April 27,2004, President George Bush announced a goal to establish electronic health records (EHRs) for all citizens within a 10 year time frame. In July, Health and Human Service Secretary Tommy G. Thompson, announced the “Decade of healthcare Information Technology” and announced the publication of a report which reveals how vital it is to have automation in the physician’s and ambulatory offices.

                The report identifies four major goals, with strategic action areas for each (Decade, 2004):

  •    GOAL 1: Inform Clinical Practice.
        -   Bringing information tools to the point of care, especially by investing in EHR systems in physician offices and hospitals.
  •  GOAL 2: Interconnect clinicians.
    -   Building an interoperable health information infrastructure, so that records follow the patient and clinicians have access to critical health care information when treatment decisions are being made.
  • GOAL 3: Personalize Care.
        -   Using health information technology to give consumers more access and involvement in health decisions.
  • GOAL 4: Improve population health.
        -   Expanding capacity for public health monitoring, quality-of-care measurement, and bringing research advances more quickly into medical practice.

Applications Necessary in the Ambulatory Environment

                The applications needed in the ambulatory environment are similar to those required in the in-patient arena.

Major application Areas:

                                Registration                                          accounts payable

                                Billing                                                    patient and staff scheduling

                                Accounts receivable                            managed care functionality

                The benefits that can be achieved by using electronic records encompass the financial, administrative, and clinical areas.

Financial Benefits

Cost effective and timely bill submission process resulting in decreased days in accounts receivable and the reduction of rejected claims. Client benefits need to be verified and accurate insurance information obtained.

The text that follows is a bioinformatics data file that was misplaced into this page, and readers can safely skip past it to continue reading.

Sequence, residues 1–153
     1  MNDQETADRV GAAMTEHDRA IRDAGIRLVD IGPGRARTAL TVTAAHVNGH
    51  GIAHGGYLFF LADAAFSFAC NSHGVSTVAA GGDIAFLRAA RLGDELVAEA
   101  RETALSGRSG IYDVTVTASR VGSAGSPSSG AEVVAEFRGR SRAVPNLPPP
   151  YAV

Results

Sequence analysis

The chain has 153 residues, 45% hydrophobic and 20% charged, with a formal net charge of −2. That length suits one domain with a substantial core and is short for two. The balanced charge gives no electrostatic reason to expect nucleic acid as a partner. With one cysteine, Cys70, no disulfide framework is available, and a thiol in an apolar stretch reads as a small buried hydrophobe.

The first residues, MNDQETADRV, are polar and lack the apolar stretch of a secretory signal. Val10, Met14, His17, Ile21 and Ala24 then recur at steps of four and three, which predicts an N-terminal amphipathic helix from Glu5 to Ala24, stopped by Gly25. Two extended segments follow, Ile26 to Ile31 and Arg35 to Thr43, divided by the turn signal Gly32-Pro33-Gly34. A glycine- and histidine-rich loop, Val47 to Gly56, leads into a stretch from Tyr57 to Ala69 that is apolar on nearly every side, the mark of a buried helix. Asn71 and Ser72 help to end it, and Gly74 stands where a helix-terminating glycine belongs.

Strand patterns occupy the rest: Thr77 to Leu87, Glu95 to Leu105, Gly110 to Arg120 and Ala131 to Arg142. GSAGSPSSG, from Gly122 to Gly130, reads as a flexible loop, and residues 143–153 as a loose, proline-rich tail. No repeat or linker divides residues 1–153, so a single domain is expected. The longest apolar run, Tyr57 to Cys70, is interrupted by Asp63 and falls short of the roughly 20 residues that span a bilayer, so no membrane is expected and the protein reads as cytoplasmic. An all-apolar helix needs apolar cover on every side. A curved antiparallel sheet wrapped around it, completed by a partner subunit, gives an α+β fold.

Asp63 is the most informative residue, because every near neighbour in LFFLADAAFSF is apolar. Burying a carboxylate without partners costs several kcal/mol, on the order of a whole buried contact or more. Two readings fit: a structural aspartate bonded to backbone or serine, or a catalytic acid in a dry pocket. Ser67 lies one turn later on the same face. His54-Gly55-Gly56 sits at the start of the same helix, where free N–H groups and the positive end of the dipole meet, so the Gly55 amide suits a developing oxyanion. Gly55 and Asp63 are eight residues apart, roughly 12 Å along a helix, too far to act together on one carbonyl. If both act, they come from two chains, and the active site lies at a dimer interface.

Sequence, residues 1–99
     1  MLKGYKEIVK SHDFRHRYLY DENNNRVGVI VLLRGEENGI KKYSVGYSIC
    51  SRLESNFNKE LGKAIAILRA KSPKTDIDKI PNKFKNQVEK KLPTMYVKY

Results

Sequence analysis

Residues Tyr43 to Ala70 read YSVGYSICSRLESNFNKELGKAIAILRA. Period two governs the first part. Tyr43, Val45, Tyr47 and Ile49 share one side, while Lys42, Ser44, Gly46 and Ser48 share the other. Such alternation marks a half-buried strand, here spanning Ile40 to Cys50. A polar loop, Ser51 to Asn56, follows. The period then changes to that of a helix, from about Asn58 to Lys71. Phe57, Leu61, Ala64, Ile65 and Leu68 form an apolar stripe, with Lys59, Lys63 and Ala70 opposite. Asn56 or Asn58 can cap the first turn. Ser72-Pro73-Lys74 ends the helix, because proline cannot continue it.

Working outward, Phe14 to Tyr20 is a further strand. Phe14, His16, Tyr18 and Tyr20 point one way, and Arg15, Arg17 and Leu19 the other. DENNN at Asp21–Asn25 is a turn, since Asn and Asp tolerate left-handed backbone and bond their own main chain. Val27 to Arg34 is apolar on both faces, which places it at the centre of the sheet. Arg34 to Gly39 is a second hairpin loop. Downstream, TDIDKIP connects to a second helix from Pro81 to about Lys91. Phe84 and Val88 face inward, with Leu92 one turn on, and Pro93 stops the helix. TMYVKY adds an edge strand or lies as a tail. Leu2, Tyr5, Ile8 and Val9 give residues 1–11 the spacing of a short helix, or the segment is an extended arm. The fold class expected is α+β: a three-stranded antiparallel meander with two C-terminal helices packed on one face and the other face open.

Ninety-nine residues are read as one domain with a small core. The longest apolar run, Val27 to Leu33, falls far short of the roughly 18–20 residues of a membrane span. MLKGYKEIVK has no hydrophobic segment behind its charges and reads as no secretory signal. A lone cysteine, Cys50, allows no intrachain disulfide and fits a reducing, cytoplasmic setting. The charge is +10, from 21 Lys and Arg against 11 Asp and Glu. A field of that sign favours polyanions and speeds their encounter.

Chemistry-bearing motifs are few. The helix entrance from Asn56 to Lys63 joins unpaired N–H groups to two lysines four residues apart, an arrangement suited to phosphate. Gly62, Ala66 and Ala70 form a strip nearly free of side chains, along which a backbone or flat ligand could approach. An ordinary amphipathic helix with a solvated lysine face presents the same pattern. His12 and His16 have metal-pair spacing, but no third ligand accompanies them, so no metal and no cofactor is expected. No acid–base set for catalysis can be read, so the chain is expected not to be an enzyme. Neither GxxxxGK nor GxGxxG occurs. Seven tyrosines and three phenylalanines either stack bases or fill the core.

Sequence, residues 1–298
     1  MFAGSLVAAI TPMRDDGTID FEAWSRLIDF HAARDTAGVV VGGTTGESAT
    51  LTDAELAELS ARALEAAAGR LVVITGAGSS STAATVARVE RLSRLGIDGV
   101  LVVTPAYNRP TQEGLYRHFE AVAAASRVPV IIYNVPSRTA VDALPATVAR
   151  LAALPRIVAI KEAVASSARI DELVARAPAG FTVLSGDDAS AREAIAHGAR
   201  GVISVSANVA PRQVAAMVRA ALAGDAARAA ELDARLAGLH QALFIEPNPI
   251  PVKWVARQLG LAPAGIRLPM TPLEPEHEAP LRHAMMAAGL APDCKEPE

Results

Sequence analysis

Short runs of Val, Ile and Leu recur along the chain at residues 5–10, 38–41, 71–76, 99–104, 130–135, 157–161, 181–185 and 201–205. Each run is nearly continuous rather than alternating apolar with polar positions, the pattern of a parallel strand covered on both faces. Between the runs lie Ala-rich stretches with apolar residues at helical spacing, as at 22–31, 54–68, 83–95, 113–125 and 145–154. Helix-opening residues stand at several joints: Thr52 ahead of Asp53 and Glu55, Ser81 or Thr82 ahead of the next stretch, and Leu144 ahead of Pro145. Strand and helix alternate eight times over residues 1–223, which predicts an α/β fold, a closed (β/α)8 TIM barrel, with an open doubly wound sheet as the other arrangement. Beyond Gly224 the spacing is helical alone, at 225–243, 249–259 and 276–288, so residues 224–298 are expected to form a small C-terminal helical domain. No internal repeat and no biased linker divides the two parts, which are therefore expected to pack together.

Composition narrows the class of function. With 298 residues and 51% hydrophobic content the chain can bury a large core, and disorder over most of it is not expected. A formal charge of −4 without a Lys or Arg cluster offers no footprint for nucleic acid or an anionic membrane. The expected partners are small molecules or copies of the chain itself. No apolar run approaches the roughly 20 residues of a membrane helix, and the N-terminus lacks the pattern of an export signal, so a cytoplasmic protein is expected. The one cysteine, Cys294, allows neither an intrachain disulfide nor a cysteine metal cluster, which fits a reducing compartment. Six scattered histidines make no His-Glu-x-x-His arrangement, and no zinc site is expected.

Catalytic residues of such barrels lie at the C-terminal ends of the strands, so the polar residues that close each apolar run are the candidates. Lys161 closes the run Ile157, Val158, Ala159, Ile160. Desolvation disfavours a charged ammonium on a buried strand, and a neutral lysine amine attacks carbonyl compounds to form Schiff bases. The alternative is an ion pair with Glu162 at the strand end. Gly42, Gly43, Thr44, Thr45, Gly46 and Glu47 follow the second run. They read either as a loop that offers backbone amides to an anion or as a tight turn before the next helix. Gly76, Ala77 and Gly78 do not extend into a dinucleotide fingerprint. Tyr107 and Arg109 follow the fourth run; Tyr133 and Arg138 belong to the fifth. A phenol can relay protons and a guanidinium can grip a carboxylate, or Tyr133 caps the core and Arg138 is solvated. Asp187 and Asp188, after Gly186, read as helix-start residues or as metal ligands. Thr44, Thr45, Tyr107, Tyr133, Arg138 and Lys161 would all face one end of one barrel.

Larger ambulatory care organizations use electronic data interchange (EDI) to automate the exchange of data (typically between providers and payors) such as claims, submittals and remittances, and health plan eligibility information.

Some organizations also provide intergrated credit card payment applications so that patients may use credit cards, which are processed immediately.     

      Administrative Benefits

Administrative benefits of implementing an automated information system: reduction in size of the record room, reduced time spent finding and delivering charts, increase in the privacy of data, formats that are legible and comply with legal regulations, the promotion of quality assurance, improved patient satisfaction, ability for home access by physicians and nurse practitioners, alerts for incomplete data, and the intergration of clinical data.

      Clinical Benefits

Clinically, the automated healthcare record can provide a problem list, automated ambulatory care provider order entry (ACPOE), a medication record, vital signs, progress notes, results from the laboratory and radiology departments, flow sheets, growth charts, immunization records, medication allergies, profiles, alerts and reminders , a follow up system, clinical decision support system, e-Prescribing, and evidence-based medicine.

                                                A patient master index, is the basis for collection of all patient related data.

                A master patient index, is a central repository for patient/member information across the enterprise including sophisticated tools for querying, updating, and managing the index. It must be able to accommodate multiple patient identifiers so that different locations can maintain their current medical record identification system. The registration system collects patient demographics and insurance information.